In Ulla's class, there are really people from all over the world (just imagine how interesting classes with these kids must be! Just imagine the Geography lessons!), and most of them did not want to come to Germany. Most of them did not really have a great childhood, most of them miss their homes, their friends, their families terribly. They are confused, lonely, and not exactly made to feel welcome. Everything theories suggest on language acquisition suggests that it is a miracle if these kids learn anything at all due to the "affective filter".
Some also experienced huge difficulties with actually leaving their country. She told us that she'd once talked to an ex-student who's now doing his German A-levels about a couple of young Russian students who'd just arrived.


"This is what I do not understand. They knew five years ahead. How early did you know?"

"Oh, maybe seven, eight years before we left?"

"But if you knew eight years ago that you'd come to Germany, then why didn't you learn German?"

"Because you have no clue at all, Ms Jones."


And they did know, but not all of the family members were really supposed to. The boy she talked to had merely overheard his parents making plans when he wasn't supposed to.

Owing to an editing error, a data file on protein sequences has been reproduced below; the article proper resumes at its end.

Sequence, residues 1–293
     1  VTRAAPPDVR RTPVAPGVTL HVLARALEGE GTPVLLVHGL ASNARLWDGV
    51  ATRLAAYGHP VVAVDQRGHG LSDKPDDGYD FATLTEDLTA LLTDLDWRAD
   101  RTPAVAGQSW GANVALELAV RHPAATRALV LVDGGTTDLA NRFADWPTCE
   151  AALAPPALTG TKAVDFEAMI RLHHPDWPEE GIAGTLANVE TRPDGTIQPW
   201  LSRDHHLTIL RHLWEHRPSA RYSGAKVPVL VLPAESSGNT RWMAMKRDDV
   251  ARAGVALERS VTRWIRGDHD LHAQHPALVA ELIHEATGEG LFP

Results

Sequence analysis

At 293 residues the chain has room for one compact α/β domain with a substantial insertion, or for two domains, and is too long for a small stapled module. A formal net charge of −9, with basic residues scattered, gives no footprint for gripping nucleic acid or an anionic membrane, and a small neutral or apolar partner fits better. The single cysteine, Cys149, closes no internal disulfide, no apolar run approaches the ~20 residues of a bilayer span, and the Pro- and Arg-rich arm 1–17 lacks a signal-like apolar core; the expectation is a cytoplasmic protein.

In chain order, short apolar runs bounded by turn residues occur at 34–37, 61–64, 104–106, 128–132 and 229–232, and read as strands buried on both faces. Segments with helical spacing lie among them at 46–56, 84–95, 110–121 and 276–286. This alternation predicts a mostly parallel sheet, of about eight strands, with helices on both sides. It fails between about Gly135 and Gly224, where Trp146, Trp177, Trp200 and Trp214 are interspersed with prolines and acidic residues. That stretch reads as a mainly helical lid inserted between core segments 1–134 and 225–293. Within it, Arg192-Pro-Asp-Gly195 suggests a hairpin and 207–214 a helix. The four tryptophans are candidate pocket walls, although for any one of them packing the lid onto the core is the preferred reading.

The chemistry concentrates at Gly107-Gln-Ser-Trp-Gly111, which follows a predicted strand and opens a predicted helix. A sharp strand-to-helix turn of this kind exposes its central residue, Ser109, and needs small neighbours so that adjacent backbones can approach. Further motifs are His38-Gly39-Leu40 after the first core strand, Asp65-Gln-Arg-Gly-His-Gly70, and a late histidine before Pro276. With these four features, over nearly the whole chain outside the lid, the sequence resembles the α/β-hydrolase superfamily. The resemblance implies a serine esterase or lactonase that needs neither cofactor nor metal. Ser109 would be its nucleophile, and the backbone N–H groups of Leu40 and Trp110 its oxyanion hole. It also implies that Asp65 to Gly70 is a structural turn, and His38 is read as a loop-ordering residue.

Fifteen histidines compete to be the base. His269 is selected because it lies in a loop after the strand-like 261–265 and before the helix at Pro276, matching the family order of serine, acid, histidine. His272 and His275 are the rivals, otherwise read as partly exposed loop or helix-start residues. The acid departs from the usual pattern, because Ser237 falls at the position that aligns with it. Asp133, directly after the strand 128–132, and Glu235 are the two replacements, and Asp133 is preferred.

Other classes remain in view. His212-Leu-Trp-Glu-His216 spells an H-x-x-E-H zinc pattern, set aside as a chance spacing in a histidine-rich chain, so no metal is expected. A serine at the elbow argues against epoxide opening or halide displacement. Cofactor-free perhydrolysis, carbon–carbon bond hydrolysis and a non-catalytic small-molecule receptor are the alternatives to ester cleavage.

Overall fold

In his very rural part of Russia (I don't know where, exactly, sadly), people they'd known had made plans to leave. Their children were kidnapped and their money and property was stolen when word got out. The student's family was not keen on similar reactions.
So the parents did make plans, and sold their furniture one by one, and the house, and told everybody they'd move to the city, and then, two days before boarding the plane, the children were told to pack their suitcases and say goodbye to their grandmother and their cat, because they were leaving for Germany, for good. There was absolutely no question of going and learning German, it would be far too suspicious.  The student and his family arrived in Germany in 2002. 

And the unsupportive attitude of our government really makes me livid. Of course it's more or less everybody's own responsibility to learn a language, you can't force people to, but to learn they should be offered courses. Otherwise, HOW can you expect people to be able to speak the language?? Open University courses expensive, and most of our new arrivals aren't exactly rich.

A lot of students who do not speak the language properly are still being sent to the Hauptschule (third of Germany's three secondary school forms, very low prestige, education with minimal requirements and a very low chance of employment after finishing, general public's attitude being "The school the stupid people go to") because teachers claim they have a language learning disability or a general sort of speech impediment. It's not, it's  no opportunity to learn the language properly and language fossilization.

They have introduced tests what, two years ago? that test if they do in their mother tongue. If they don't, they're being sent back to other school forms.

It's absolutely ridiculous.
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Current Location: Hamburg
Current Mood: predatory